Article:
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Ukraine Marks 2nd Anniversary of Russian Invasion, Determined Despite Setbacks

In solemn ceremonies and small vigils, state visits, stirring speeches and statements of solidarity, Ukraine and its allies marked the dawn of the third year of Russia’s unprovoked invasion with a single message: Believe.

“When thousands of columns of Russian invaders moved from all directions into Ukraine, when thousands of rockets and bombs fell on our land, no one in the world believed that we would stand,” said Gen. Oleksandr Syrsky, Ukraine’s newly named top military commander. “No one believed, but Ukraine did!”

On the 731st day of the war, Ukrainian soldiers once again find themselves outmanned and outgunned, fighting for their nation’s survival while also trying to convince a skeptical world that they can withstand the relentless onslaught, even as they suffer losses on the battlefield and are challenged up and down the front line by Russian forces.

The leaders of Canada, Belgium and Italy, as well as the head of the European Union, Ursula von der Leyen, were among the dignitaries who traveled to Kyiv in a show of solidarity. While many analysts at the outbreak of the war believed that European nations would go wobbly in their support of Ukraine in a prolonged struggle, these countries are now stepping up, trying to help fill the void left by the U.S., where Republicans in Congress have for months blocked any new military assistance to Kyiv.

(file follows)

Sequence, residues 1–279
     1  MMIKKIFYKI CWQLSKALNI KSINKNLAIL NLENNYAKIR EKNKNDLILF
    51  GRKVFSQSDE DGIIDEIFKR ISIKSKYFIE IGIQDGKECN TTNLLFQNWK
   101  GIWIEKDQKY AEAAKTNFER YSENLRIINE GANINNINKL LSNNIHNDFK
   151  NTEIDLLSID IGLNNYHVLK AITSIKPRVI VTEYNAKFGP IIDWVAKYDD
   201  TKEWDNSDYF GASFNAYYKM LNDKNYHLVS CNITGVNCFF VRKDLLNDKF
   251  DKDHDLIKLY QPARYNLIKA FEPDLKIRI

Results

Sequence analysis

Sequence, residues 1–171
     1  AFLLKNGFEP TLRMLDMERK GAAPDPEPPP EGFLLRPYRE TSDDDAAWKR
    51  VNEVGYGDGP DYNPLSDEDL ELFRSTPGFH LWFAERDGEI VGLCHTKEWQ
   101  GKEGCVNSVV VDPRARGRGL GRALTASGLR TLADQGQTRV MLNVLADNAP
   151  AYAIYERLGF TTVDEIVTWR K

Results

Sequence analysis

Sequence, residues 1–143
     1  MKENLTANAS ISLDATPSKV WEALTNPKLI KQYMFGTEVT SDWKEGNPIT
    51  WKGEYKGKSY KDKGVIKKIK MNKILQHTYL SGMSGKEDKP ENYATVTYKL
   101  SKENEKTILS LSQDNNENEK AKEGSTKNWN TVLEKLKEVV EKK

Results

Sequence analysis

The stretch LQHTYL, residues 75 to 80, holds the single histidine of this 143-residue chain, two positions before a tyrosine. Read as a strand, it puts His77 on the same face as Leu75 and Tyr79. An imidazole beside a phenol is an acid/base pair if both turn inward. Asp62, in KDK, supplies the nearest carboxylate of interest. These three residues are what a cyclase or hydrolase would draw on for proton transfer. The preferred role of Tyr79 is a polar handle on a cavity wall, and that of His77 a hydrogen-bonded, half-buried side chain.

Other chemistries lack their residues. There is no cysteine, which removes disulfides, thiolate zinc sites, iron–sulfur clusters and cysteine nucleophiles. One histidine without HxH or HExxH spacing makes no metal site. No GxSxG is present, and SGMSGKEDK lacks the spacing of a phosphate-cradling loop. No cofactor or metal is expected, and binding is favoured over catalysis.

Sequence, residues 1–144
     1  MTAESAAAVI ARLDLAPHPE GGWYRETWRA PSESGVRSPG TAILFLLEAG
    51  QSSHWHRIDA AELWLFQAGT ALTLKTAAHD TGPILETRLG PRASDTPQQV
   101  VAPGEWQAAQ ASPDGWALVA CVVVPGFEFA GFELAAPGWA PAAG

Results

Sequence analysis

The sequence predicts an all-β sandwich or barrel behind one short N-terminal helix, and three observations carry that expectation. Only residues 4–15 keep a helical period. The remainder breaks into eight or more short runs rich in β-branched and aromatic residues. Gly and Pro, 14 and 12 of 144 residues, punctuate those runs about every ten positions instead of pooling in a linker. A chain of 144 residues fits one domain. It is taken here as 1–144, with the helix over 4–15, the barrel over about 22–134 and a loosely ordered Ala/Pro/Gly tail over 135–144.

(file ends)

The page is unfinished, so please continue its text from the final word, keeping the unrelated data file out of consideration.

With Ukraine’s allies by his side outside the wrecked hangar that once housed a gigantic Mriya cargo plane, President Volodymyr Zelensky presented awards to soldiers at Hostomel Airport, where a pivotal early battle played out two years ago.

“When our soldiers destroyed the Russian killers’ landing and didn’t allow Russia to create its foothold here, the world saw the most important thing,” he said. “It saw that any evil can be defeated, and Russian aggression is no exception.”

However, Ukrainians needed no reminders about why they are fighting or the cost of a defeat.

In Bucha — where a massacre of civilians, one of the first widely documented atrocities of the war, has became emblematic of Russia’s brutal occupation, — residents gathered at a memorial where a mass grave holding the remains of 117 people was discovered. Some of the victims had been burned to death. Others had been shot. Many showed signs of torture.

“Two years of fear, two years of Russia mocking us,” Oleksandr Hrytsynenko, 77, said as he paid his respects to his fallen neighbors. “We need to arm ourselves with infinite patience.”

As people gathered outside, Vira Katanenko was inside the church preparing to bury her son, Andrii, 39. He was killed along with two other soldiers this week by a Russian missile in a village outside Avdiivka, a stronghold of Ukrainian defenses that fell last week to Russian troops.

“The Russians killed my son,” she said. “Will America help us get rid of the Russians?”

That is a question on the minds of many. But as Kyiv waits for an answer, the Ukrainian military pointed to the sky on Saturday as evidence that it can still cause Moscow pain.

Lt. Gen. Mykola Oleshchuk said on Saturday that a Russian A-50 early warning and control aircraft had been shot down by Ukrainian forces near Yeysk in Russia, some 250 miles from the Ukrainian border.

The claim could not be independently confirmed, but the Institute for the Study of War, a Washington based research group, confirmed that a plane had crashed in the region, saying “Footage posted on February 23 shows a fixed-winged aircraft falling, and geolocated footage shows a significant fire with secondary detonations.”